Boomkat Product Review:
Suicide dynamo and industrial pioneer Martin Rev is subject of a killer early retrospective scanning prototypes for the band’s classic material and wayward solo sketches previously unheard beyond his studio
Among his generation’s influential greats, Martin Rev set the blueprint for so much machine music to come in his duo, Suicide, with the dearly departed vocalist Alan Vega. ‘The Sum of Our Wounds (Cassette Recordings 1973-85)’ pulls focus on the years leading up to, and including, Suicide’s formation in 1977, when their eponymous debut sent shockwaves from the NYC punk no wave epicentre to all corners, and well into their early ‘80s reign.
The 16-part suite drills down into the way he grafted the enduring thrust of ‘50s rock ’n roll onto machine-made templates, adapting its spirit to new purpose in translation. It’s effectively the backroom sound of a genre being born and cultivated, betraying trace soft what would become classic staples in the likes of ‘Baby O Baby’, the wheezing wist of ‘Yearning’, or the electrifying squall and thrum of ‘Laredo’, which all bear the early vestiges of Suicide’s enduringly legendary sound.
“Spanning the period 1973 to 1985, the recordings on "The Sum of Our Wounds" are much more than a collection of demos and outtakes. One has the sense of listening to a rounded album of familiar compositions, now portrayed in a completely new light. The brittle fragility of these cassette pieces reveals a deep-lying sensitivity, like a collection of wounds.
Martin Rev himself remains as transfixed as ever by these recordings, as if he could immediately pick up where he left off and continue to expand on the ideas that came to him decades ago: »They often have a certain freshness or unpolished energy here... and (there is) always scope for new ideas, to be derived from them as a whole or even in small areas.«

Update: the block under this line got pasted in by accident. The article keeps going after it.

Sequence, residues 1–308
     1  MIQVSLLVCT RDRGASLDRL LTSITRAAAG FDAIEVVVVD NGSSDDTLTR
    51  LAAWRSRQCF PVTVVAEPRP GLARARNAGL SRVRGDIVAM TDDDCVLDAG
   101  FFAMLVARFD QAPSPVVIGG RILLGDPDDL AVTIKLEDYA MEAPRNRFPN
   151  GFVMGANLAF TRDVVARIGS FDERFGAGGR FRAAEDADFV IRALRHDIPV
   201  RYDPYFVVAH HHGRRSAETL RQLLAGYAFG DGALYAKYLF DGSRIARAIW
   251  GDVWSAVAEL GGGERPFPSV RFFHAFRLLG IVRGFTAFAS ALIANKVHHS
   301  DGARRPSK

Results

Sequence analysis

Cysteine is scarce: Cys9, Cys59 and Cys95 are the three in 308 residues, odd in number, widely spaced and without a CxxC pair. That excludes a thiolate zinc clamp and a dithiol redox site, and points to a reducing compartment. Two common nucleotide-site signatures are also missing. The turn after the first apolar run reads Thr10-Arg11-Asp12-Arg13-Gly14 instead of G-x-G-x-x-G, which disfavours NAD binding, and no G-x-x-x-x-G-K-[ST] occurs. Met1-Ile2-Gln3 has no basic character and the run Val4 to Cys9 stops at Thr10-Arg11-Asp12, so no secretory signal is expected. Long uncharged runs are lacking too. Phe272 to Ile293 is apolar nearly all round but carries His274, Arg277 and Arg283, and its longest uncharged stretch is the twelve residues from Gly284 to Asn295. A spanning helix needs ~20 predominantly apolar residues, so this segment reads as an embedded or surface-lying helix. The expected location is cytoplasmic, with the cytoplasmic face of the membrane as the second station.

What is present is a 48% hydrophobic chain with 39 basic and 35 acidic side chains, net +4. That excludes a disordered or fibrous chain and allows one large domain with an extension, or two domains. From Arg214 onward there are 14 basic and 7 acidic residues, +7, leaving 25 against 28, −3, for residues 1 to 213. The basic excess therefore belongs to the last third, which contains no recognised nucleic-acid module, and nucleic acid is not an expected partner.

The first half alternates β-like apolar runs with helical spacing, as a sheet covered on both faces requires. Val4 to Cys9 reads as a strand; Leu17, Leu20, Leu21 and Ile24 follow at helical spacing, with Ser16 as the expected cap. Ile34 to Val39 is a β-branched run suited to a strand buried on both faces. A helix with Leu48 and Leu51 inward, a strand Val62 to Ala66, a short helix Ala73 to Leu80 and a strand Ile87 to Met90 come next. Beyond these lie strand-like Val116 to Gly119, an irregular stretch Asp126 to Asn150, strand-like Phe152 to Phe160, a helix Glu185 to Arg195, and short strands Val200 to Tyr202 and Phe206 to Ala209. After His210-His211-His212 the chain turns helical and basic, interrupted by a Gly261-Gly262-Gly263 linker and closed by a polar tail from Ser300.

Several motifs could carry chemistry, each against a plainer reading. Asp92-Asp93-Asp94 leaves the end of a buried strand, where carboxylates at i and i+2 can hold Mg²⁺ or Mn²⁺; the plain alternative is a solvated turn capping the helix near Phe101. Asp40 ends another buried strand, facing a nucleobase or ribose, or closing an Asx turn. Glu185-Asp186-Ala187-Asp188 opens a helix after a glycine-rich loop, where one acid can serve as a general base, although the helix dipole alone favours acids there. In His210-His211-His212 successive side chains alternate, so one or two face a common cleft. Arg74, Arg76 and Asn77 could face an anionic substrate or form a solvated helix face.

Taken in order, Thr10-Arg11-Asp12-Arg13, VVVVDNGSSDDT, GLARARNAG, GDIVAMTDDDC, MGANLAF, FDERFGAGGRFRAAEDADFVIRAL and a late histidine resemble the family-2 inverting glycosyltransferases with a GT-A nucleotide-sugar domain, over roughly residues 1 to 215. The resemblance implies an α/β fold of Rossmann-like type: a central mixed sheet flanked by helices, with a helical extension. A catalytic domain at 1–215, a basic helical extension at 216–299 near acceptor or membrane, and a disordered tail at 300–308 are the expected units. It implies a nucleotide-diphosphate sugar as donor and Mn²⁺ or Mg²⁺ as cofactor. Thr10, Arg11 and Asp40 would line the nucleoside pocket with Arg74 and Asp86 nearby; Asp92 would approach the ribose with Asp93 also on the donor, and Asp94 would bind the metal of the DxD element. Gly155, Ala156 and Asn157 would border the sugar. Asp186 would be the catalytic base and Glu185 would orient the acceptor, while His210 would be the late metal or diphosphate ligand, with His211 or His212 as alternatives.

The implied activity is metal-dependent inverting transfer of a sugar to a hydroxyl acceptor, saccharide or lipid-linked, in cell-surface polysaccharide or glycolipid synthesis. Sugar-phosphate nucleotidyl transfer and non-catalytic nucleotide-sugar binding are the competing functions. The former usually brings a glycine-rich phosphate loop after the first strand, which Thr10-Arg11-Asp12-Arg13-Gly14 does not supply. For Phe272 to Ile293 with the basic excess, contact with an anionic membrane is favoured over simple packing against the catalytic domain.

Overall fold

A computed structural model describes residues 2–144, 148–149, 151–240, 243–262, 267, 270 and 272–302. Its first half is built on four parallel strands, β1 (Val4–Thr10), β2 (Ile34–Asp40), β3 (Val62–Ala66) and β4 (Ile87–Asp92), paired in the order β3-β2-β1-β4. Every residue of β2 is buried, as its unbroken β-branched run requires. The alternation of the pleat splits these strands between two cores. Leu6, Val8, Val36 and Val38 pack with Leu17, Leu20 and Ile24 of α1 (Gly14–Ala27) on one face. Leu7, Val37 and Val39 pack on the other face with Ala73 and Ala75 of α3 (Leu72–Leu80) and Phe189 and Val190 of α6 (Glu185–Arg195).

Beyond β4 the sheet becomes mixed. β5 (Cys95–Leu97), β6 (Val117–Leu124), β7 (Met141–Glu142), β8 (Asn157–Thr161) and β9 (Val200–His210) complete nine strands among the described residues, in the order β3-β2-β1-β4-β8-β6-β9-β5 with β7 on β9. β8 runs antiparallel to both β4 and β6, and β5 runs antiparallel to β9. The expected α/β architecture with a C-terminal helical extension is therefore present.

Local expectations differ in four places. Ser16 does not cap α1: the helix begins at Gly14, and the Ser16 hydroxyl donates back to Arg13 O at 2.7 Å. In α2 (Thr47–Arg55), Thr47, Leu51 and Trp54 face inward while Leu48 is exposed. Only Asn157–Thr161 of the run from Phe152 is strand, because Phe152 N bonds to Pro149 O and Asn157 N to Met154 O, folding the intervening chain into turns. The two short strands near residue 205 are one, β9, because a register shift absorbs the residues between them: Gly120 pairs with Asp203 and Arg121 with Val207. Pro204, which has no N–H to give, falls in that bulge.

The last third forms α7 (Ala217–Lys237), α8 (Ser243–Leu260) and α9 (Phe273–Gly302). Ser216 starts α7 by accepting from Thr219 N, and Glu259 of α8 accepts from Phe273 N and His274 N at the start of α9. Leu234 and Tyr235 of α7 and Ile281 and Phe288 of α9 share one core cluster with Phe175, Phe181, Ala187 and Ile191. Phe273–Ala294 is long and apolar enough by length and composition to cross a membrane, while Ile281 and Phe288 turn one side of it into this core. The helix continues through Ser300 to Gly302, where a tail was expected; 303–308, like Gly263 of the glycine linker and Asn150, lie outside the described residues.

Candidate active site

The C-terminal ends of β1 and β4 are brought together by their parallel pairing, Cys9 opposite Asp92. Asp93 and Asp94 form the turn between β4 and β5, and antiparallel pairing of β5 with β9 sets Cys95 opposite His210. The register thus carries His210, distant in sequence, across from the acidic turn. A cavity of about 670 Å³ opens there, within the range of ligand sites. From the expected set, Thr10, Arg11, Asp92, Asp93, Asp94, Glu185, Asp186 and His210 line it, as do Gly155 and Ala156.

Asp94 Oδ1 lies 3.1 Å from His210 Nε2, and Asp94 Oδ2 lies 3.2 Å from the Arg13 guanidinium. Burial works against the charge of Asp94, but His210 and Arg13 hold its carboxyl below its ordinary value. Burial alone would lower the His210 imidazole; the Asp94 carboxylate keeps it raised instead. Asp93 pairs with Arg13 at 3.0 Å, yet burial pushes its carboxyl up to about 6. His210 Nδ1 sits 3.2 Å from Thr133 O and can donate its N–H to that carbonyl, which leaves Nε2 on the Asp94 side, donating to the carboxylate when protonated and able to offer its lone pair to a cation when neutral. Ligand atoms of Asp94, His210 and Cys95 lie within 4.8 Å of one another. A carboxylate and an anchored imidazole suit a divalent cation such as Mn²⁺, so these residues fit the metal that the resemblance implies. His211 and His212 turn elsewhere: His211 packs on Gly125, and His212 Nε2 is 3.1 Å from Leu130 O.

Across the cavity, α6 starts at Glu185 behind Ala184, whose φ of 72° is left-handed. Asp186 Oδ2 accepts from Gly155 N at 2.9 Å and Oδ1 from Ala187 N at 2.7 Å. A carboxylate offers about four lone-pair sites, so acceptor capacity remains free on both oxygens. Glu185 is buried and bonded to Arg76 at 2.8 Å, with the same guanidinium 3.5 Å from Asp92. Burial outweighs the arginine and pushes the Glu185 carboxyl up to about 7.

The cassette medium proves to be more than a means to an end – the tape recorder itself has a role to play as an instrument, the ideal basis for an artist who understands how to condense an idea into its fundamental elements: »The cassette sound, with its individual peculiarities, many even thought of in terms of inferior sound, can have an interesting dynamic. Maybe especially in certain minimal contexts when they are not being overloaded. Although they often seem to take on a lot of texture as well and with a warm response.«
And so these snapshots can be seen as stages of a ceaseless evolution, one we are allowed to witness as we sit alongside Martin Rev at the tape deck, listening as he captures the sounds of the unquiet city.”